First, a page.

The Pharmacist speaks to pharmacist Shilpa Patel about her trail-blazing new role as a lead partner in a GP practice.

Over the last six years, Shilpa Patel has been working as a partner in a GP surgery in Brighton. With a community pharmacy background, she says the business and management insight she gained in community pharmacy roles, helped her think differently to the other general practice partners.

‘I was always questioning, “why are we doing it like this?” and a lot of the time, [the answer was]: “well, we've always done it like that”.'

‘It’s about changing their mindset, and I think just bringing a fresh pair of eyes,’ she tells The Pharmacist.

Now, with six months of finance training under her belt, Ms Patel has this week stepped into her new role as lead partner for the practice.

" We have to do things very differently now"

Ensuring the practice’s income is sustainable will be a key focus in her new role.

‘There's so many funding cuts in general practice. Just going the normal route, it is getting harder and harder to make your practice profitable, or to even make it sustainable. So we have to do things very differently now,’ she says.

With GP and nurse recruitment proving difficult, Ms Patel has spent the last nine years helping the practice work out where other staff members can take workload off the six GPs in the practice, some of whom work part time.

The surgery currently employs 10 pharmacists, who manage ‘all the long-term conditions’, ‘and they just started with acute conditions as well,’ she says.

‘All our pharmacies have got a really good work-life balance. I spend a lot of time one to one with them, figuring out what they what they want out of life, and what works for them.

‘So a lot of their hours are to suit them. The courses they go on, it's not so much about what the company needs, it's more about what the pharmacist needs. And that's worked really well for us,’ she says.

Ms Patel thinks the way she has managed and built up the pharmacy team ‘from scratch’ has helped the other general practice partners see what value she could bring to the lead role.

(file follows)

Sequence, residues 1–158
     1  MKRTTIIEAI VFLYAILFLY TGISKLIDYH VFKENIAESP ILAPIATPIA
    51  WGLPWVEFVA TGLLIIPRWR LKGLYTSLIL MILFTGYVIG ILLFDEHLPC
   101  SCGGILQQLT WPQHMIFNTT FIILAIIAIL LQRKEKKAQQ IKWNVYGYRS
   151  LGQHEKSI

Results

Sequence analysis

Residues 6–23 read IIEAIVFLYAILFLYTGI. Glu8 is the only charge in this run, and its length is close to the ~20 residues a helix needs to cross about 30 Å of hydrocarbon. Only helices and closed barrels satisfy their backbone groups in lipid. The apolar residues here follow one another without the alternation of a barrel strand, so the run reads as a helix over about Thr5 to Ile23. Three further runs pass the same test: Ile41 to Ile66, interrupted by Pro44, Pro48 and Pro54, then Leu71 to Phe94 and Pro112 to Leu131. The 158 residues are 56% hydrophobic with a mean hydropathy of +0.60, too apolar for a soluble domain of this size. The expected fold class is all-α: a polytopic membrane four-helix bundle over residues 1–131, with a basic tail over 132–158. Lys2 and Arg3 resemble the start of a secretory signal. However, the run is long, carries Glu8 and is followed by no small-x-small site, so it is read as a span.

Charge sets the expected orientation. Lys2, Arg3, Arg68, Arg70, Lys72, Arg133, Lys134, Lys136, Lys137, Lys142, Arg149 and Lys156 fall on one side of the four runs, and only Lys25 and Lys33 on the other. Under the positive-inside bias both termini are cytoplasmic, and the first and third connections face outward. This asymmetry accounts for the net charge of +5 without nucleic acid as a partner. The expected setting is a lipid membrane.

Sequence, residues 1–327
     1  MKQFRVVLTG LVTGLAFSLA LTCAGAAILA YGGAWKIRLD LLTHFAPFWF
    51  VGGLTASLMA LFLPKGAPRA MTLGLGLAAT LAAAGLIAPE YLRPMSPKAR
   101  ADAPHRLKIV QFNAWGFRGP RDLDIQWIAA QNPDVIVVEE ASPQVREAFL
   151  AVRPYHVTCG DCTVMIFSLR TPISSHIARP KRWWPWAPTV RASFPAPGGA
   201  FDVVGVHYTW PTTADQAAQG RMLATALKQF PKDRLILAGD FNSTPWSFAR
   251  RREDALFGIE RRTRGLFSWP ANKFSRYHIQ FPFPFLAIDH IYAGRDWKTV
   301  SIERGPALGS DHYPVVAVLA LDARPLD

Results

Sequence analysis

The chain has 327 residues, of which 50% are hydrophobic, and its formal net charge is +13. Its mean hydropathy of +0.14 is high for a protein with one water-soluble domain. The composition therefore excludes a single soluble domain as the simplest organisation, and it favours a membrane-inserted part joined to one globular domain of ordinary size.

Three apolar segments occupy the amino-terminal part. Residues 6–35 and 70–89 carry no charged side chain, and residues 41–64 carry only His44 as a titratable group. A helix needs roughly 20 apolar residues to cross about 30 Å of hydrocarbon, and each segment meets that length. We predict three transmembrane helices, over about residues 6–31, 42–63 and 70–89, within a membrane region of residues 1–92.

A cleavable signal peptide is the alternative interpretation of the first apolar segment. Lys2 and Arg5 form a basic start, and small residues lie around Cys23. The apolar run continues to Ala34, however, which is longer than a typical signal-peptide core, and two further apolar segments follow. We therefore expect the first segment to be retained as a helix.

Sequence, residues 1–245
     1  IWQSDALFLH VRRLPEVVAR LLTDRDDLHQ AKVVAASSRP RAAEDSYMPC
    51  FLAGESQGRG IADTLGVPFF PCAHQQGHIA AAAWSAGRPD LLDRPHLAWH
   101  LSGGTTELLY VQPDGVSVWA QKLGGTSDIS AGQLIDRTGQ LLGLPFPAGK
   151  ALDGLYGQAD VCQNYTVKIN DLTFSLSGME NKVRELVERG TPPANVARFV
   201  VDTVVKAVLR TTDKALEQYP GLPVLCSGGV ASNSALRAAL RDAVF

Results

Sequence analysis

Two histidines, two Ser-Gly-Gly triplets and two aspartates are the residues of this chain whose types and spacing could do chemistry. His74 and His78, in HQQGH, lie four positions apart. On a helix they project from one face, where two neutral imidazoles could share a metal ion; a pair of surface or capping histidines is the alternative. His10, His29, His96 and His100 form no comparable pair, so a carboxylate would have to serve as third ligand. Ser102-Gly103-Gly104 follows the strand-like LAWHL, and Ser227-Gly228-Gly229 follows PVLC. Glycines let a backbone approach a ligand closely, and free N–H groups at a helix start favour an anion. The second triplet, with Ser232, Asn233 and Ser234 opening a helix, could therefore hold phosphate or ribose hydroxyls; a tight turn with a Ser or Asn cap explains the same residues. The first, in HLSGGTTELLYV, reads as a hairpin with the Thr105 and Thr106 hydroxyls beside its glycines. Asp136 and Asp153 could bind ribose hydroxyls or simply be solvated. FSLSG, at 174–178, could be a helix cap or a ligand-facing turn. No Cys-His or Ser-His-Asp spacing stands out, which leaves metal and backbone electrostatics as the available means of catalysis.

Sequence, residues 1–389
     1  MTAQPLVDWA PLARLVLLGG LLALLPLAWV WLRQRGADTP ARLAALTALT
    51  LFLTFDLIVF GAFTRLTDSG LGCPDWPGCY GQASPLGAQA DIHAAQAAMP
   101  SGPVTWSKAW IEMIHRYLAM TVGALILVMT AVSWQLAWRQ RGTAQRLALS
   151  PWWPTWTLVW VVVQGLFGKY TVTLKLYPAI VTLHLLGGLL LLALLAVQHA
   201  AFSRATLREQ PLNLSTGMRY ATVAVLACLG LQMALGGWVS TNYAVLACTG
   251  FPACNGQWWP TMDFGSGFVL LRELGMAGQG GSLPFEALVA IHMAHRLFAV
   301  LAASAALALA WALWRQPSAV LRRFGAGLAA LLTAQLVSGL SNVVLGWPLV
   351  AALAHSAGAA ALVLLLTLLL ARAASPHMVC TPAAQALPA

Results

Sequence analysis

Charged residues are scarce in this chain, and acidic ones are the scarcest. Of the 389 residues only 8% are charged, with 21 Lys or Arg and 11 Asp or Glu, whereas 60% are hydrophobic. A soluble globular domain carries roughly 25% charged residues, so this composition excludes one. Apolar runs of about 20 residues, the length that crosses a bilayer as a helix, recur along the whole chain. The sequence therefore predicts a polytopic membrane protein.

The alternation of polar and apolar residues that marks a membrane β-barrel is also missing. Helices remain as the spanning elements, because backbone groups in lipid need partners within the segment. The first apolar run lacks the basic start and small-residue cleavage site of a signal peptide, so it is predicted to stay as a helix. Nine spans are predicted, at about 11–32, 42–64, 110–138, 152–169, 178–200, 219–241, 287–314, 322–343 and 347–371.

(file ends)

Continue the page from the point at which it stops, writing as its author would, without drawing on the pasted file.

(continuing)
‘They want the whole company to be running the way our pharmacy team is working,’ she says.

‘That’s my next project now!’

"The right person is doing the right role"

Another of her projects will be transforming the way the practice is run.

On her second day in the role, Ms Patel announced the introduction of a senior leadership team – something she’s been working on over the last six months.

‘It's very difficult for one person to be able to juggle all the different kinds of roles that a practice manager needs to fulfil. We realized quite a few years ago, that it's just not sustainable.’

The new senior leadership team will share the responsibilities of the practice manager between 10 leaders from each team within the practice – five clinical staff and five non-clinical staff.

‘Those 10 people are feeling very motivated and very valued at the moment. And they've got this drive, we've picked them specifically because they are ten people who are going to drive the business forward,’ she says.

‘I think everyone really believes in this new concept, because it is going to change the way that we manage things, you know, the right person is doing the right role.’

Bringing business acumen to general practice

Mental health crises surged in Brighton following the pandemic, and the death by suicide of a child waiting for years for an ADHD assessment prompted the practice team to set up an ADHD clinic for its patients.

‘That's probably where we've grown quite a lot, because lots of people heard about it, and then they've joined our practice to get that service,’ says Shilpa.

The practice also provides other specialist services, like hormone therapy patients going through the menopause and for trans patients.

But while Ms Patel says this specialist care is good for patients and relieves pressure on other parts of the NHS, it is also expensive for the practice to run.

As lead partner, one of her tasks will be trying to access other pots of funding outside the GP contract.

‘It’s a huge puzzle. I've noticed that a lot of the pots of money are kind of hidden, and there are pots of money, but unless you know the right people, you won't even hear about it. And then how can you apply for it when you don't even know they exist?’

"There are pots of money, but unless you know the right people, you won't even hear about it."

Ms Patel says she’s found the search for funding ‘frustrating’ but has realised that it’s something that she’s good at.

And she’s been encouraged by the other partners in her practice to develop these skills – such as by taking the lead on the merger of three surgeries.

‘They're the ones who have given me the motivation – like, “if anyone can solve this, it'll be you”’ she says.

‘I didn't realize the skills I had. They've seen something that I didn't even realize I had.’

‘I'm really hoping that it's going to motivate and encourage other pharmacists put themselves forward for something like this,’ Ms Patel says.

"I'm really hoping that it's going to motivate and encourage other pharmacists put themselves forward for something like this."